Green up is well on it’s way around here. The tree canopy is closing up and the forest is smelling new and fresh. Looking north across the lake at Green Timbers Park, you can see the different hues in the leaves of alder and cottonwood trees.
Most days you can hear the blackbirds calling in the marsh in the foreground. Oh yes, and the fishermen are lined up along the banks to the right and left of me as I took this shot.
Well, after being laid low by a
n old war injury er…a back muscle spasm for a few days last week, and a quick Easter trip over to Vancouver Island, I finally got back to Green Timbers Park again.
I was particularly interested in how the Lily of the Valley was doing. Its small flower spikes have been present for some time, and the canopy above them is starting to close up with alder and cottonwood leaves. I was worried that I had missed the flowers, but no so. They are clearly on the verge of opening up, but, as luck would have it, it looks like they’ll need a few more days.
With the warmer temperatures lately, the northern black cottonwood (Populus trichocarpa) leaves are just starting to unfold. In the next few of weeks, their aroma will fill the air, followed by fluffy balls of their seed floating everywhere.
The cottonwood has quite a distinctive, fresh aroma, and for anyone living in valley bottoms, it’s a true confirmation of spring. It doesn’t get much better than sitting on the bank of a rushing river or stream with the smell of fresh green leaves in the air.
Boy, this little spring exercise in natural history has shown me how much biology I’ve forgotten. For 20+ years, I followed the nature quite closely, as the work was tied to the biology of plants and bugs. With more recent careers, not so much.
Nowadays, I have to dig a little deeper for the info I’m looking for. Truly a use it or lose it kind of thing, I guess. This spring has been a good reminder.
There are sections of the trail around Green Timbers Lake where the forest floor is covered by what I believe are Wild Lily of the Valley (with the ungodly name of Maianthemum dilatatum).
The flower buds are just starting to spike, and with the warm weather forecast for the next few days, I’m hoping for some serious blooming going on.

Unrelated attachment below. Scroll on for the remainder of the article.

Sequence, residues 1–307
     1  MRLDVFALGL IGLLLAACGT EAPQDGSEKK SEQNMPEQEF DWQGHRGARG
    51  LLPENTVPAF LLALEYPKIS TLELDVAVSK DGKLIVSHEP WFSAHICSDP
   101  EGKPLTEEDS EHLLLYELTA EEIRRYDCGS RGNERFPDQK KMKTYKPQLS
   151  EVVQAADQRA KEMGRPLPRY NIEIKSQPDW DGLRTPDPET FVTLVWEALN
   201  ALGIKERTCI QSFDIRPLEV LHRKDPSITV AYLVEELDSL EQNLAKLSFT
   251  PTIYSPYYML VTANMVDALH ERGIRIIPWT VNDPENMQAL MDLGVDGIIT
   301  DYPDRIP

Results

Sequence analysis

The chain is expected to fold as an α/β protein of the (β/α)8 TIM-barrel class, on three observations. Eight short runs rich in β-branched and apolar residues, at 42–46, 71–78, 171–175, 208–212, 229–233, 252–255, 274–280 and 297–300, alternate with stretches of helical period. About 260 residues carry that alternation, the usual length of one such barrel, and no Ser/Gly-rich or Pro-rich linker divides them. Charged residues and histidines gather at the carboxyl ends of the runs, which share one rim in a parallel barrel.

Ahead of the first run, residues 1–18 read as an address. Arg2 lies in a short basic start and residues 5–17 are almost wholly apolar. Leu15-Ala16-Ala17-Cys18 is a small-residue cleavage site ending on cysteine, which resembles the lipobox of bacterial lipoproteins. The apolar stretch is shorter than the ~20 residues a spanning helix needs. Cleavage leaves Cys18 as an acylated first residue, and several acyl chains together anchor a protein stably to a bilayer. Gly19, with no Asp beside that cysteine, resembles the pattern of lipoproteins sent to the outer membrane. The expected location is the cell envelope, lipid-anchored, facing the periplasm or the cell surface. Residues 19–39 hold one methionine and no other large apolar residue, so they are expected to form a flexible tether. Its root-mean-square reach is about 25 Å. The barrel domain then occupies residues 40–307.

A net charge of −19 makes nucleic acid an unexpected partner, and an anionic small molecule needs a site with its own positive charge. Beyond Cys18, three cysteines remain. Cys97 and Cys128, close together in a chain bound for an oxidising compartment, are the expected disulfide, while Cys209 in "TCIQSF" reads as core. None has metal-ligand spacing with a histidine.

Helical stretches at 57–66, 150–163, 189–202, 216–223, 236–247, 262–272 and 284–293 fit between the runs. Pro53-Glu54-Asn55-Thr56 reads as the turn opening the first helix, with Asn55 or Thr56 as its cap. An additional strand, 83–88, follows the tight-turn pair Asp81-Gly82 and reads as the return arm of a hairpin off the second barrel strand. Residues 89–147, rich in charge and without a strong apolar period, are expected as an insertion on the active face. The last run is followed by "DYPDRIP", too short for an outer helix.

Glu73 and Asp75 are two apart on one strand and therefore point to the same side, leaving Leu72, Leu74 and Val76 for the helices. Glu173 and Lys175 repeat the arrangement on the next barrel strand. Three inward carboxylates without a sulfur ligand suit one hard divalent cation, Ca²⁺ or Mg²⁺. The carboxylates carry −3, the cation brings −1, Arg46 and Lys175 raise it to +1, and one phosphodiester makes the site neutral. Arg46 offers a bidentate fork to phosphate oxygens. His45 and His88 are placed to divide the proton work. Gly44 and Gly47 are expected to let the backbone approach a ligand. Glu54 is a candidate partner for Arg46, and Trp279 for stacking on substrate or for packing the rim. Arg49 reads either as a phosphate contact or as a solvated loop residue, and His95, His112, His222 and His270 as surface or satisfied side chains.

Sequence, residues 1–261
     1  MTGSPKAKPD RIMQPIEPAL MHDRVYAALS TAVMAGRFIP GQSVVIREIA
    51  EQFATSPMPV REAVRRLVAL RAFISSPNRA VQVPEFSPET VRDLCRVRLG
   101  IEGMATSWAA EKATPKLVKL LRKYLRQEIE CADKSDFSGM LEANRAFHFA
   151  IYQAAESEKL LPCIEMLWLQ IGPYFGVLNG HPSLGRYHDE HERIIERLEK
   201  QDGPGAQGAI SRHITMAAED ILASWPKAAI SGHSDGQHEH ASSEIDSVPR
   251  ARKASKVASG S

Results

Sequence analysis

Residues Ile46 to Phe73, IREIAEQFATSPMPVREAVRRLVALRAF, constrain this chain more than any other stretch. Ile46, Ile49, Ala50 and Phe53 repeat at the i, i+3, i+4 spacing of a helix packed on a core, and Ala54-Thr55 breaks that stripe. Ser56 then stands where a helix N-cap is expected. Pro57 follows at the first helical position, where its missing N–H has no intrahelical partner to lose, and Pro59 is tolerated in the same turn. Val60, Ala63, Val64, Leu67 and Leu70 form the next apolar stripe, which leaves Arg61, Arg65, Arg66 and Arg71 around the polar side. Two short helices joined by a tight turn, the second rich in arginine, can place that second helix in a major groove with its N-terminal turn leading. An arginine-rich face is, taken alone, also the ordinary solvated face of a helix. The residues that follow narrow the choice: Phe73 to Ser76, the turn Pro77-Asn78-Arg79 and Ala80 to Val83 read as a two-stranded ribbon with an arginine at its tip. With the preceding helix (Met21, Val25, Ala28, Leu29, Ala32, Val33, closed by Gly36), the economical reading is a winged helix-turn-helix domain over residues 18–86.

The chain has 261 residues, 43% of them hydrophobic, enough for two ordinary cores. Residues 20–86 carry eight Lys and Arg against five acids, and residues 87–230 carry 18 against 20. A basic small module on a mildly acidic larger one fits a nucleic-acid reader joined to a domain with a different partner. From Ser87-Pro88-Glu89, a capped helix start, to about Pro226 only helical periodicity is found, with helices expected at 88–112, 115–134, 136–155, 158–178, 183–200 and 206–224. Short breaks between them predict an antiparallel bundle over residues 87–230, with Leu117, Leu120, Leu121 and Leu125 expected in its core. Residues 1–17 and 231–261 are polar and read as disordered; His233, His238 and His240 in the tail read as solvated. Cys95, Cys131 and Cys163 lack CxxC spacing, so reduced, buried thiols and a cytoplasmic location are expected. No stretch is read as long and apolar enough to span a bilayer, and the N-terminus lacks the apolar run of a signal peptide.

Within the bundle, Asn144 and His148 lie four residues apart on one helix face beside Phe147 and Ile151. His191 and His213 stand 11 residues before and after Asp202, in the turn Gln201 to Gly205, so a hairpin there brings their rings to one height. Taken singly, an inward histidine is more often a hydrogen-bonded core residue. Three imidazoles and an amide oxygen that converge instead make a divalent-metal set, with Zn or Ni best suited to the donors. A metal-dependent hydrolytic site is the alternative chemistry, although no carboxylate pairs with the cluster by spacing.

It should be quite a show.
Today there were a few Western Trillium (Trillium ovatum) blooming on the forest floor at Green Timbers Park in SurreyBC. I thought the Lily of the Valley would be first, but these Trillium surprised me. Pleasantly.
Beautiful little flowers, grabbing as much sun as they can before the canopy fills in overhead.
As the days warm up, the flowers on tall Mahonia (Berberis spp.) shrubs are just starting to open up. They’ll progress into purple berries that are edible when ripe and touched by frost.
I noticed this little community on top of a stump in the forest. The dying leaves and the fungi on a rotting stump, along with moss and a young plant seemed to cover off a lot of the cycle of life in the forest.
Boy, just a few days ago, I posted about the first day of spring with a photo of indian plum flower buds on a branch. I was in the same park on Thursday, and the flowers had bloomed and were starting to fade.
Just 7 days and they’re done.
Never let anyone tell you that you have all the time in the world. (my pensive share for the day 😉
Not sure what’s going on here, but going over a bridge in Bear Creek Park today, I looked over and saw this.
Quite disconcerting, actually.
Was it art? Was it some vandals getting rid of some stuff?
Whatever it was, it looks like it was placed in just that spot, looking up angrily at anyone who peered into the stream from above.
Ah, one of life’s little mysteries….
I’ve seen pussy willows in the spring before, but this is the first time I’ve seen pollen buds associated with them. In the two photos below, you can see some that are yet to release and some where the pollen has already taken flight.